Leadership Application Stand



LeadershipApplication Stand

Aleader in nursing the profession should be a strong advocate forpatients, stand for their rights, and Support them in differentissues. In most cases, nurses find themselves in situations thatcompromise their ethical, personal and profession decency (Laschingeret al., 2010). In instances of high loyalty conflicts, violation ofpatients’ rights in overboard charged conflicts, a nurse leader issometimes required to exercise moral courage. This paper gives ageneral overview of moral boldness, barriers to moral courage,defines important terms in leadership, reveals the organizationalstrategies that support moral courage and peer support that resultsin moral courage.

Definingkey terms

Ethicsisdefined as the code into which a given society or a group of peopleadheres to. For example, in a hospital set up, the doctor knows thatpatient’s history should not be shared with anyone else unlessthere is need or the law requires the information to be divulged.Moralsdescribe what is right or wrong in deeper level. It is the principleunder which judgment of what is right or wrong is based on. Ethicsand morals are closely related but they have different meanings.Morals are stern, more abstract, and subjective and cannot changeeasily. On the other hand, ethics are principles, which are morepractical and conceived to promote fairness in social institutions(Murray, 2012). Legalleadershipconsists of different forms, which includes having differentobjectives, playing different roles, and having the audience ofdifferent followers. It requires ethics and morals to demonstrateeffective leadership.

Casescenario: Dilemma in Leadership.

Thefollowingscenario is an illustration of a nurse leader meeting a grosschallenge when her advocacy for patient’s right meets resistanceand her moral courage is disputed. The nurse leader demonstrates someeffective management strategies to help solve this problem.

Margateis the nurse leader in one of the wards in a university medicalcenter. She is busy executing her leadership duties when thephysician in charge of Mr. Dickson, who is suffering from mildstroke, comes in. He complains to Margate that they have a rough timewith a staff nurse called Susan and they simply cannot get along. Hesays that Susan keeps on questioning everything that the physiciandoes to Mr. Dickson and he is not happy about it. On the other hand,a new nurse is interacting with Susan, and she happens to tell thenew nurse about the need of increasing the dosages of Mr. Dickson’sdrugs. However, she has no courage to tell the physician because shehad faced retaliations before in similar cases. The new nurse knowsabout moral courage since it was part of her studies at the medicaluniversity. She finds it disheartening why Susan would fail to raisesuch crucial information due to fear of negative consequences. Thenew nurse takes a bold step and tells Margate that Susan needs help.Margate enters in Mr. Dickson’s room and does a quick assessment inthe presence of the new nurse and Susan. She also discovers that itis necessary to have dosage increment. She talks to Susan on theimportance of speaking out her mind in favor of the patient. Margateopts to use the technique ofSituation-Background-Assessment-Recommendation to present thesituation. Margate helps Susan on how to approach team members onmatters concerning the welfare of the patient and she suggests thatshe should use the same technique to the physician. Susan admits thatshe has been having problems in stepping forward to present suchissues but on applying the Situation-Background-Assessment-Recommendation, it worked so well. She was ableto present the case to the physician in a professional way andwithout feeling threatened.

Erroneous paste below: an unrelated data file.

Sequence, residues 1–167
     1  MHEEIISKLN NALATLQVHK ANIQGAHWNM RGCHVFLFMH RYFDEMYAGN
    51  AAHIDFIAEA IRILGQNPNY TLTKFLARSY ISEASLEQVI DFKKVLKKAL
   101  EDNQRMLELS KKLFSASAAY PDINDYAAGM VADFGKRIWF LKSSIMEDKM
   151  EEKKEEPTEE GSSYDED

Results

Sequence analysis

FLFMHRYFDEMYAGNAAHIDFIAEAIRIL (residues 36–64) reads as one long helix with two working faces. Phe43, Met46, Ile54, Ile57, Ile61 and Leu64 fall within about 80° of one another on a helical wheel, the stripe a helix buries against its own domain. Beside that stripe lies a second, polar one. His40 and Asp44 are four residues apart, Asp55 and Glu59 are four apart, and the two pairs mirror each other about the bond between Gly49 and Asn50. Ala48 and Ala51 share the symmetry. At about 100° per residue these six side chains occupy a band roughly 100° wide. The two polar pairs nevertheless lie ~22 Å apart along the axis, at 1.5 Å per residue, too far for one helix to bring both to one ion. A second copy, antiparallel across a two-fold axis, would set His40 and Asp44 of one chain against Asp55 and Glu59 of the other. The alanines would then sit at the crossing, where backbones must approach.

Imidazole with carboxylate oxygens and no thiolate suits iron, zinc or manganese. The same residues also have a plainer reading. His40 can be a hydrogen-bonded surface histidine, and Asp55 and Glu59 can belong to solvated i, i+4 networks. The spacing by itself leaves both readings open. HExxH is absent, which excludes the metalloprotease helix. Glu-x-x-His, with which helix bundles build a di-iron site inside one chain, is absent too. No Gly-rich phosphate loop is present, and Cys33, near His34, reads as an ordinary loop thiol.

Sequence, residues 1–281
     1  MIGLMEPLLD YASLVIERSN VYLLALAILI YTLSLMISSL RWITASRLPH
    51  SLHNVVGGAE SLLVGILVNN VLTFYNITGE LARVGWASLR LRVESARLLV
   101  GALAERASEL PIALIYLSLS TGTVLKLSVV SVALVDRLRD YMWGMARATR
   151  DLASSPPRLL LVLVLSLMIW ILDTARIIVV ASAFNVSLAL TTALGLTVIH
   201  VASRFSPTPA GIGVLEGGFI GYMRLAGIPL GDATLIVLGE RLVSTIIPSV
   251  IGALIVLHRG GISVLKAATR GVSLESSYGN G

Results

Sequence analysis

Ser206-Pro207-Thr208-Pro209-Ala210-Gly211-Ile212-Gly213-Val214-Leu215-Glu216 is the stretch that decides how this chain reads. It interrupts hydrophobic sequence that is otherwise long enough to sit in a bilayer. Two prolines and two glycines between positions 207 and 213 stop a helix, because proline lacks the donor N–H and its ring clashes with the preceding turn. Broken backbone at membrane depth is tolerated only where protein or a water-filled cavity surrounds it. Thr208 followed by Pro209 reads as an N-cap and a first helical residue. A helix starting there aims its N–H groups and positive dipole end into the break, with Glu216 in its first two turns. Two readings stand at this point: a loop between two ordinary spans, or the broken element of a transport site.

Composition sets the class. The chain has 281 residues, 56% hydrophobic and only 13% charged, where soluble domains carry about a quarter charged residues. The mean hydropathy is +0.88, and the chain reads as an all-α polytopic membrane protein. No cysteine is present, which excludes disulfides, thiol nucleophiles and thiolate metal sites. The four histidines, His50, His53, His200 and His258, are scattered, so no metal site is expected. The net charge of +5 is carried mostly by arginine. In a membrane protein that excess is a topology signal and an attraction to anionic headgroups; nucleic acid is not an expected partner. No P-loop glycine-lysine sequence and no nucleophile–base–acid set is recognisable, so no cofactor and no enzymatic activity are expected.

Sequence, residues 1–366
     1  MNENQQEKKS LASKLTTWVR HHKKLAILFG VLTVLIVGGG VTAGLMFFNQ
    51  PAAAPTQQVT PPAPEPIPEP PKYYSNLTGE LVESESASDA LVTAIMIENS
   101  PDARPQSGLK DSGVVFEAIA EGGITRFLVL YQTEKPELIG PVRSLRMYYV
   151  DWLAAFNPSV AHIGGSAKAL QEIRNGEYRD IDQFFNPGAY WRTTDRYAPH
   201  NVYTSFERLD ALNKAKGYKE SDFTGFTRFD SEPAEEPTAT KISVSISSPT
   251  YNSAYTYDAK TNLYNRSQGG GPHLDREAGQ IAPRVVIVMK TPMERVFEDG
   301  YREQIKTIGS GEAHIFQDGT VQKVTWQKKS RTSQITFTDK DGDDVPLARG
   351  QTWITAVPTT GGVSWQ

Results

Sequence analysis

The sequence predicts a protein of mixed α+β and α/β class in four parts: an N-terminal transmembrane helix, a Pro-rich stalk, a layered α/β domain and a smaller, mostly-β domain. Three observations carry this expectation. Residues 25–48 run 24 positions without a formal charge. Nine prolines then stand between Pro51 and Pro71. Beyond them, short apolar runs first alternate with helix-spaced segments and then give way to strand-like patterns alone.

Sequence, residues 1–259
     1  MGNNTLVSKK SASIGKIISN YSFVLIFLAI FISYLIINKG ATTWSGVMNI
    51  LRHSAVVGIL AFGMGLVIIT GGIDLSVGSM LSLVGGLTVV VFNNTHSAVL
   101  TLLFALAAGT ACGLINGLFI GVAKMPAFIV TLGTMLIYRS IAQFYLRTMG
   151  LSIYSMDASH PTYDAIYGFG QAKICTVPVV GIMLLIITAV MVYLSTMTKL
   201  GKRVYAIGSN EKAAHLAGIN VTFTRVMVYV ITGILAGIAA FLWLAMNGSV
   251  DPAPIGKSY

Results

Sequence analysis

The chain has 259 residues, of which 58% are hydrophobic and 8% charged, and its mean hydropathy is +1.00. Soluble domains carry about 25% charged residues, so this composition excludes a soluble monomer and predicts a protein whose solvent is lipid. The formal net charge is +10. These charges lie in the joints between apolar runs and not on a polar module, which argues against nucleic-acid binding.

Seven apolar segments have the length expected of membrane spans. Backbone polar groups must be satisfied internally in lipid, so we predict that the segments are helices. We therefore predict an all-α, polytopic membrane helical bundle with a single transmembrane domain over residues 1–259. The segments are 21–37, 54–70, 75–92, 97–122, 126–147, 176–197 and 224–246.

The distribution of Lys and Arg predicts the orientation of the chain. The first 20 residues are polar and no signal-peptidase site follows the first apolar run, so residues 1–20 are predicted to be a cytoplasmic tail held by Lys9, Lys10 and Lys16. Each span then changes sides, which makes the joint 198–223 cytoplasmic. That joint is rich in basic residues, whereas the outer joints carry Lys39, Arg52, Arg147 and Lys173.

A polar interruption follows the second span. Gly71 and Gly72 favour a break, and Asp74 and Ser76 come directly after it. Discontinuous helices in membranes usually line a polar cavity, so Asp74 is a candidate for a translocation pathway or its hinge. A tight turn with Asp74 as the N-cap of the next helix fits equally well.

Barriersto Moral Courage

Notall situation turns out positive like Margate’s case. Most leaders’face obstacles in their trial to advocate for patients’ rights andsome nurses may demonstrate circumvent behaviors in moral courage.Experts have identified some of the major barriers that hinder theleaders to demonstrate courageous leadership behavior (Laschinger etal., 2010). They include organization structures, lack of concernfrom colleagues who does not have the moral courage to present cases,ignorance, and tendency to redefine unethical occurrences asacceptable.

DemonstratingMoral Courage

Courage,obligation to honor, danger management, and expression are the majorsteps in demonstrating moral courage. Courageous leaders have theability to use the objective and more effective strategies to resolvewhether a situation calls for further exploration. When caught in amoral dilemma, a leader should be able to take a time out todetermine which ethical issues and moral principles are at stake ofcompromise. Danger management involves the need to manage the fear ofbecoming morally courageous. Cognitive approaches are necessary tocontrol emotions and risk aversion management (Hodkinson, 2012). Inthis step, careful actions are taken and consequences for the actionsare considered. In the scenario case, Susan was able to be assertive,knew her obligation, and demonstrated courageous moral behavior,which enabled her to move past her fears.


Hodkinson,K.2012. How should a nurse approach truth-telling? A virtue ethicsperspective. NursPhilos.9(4).

Laschinger,H.K., Finegan, J., Wilk, P. 2010.Contextmatters: the impact of unit leadership and empowerment on nurses’organizational commitment. JNurs Adm,39(5) 228-235.

Murray,J.S. May 2012. The Paul Revere Freedom to Warn Act: legislation toprotect federal whistleblowers from retaliation. AmericanJournal of Nursing.108(3).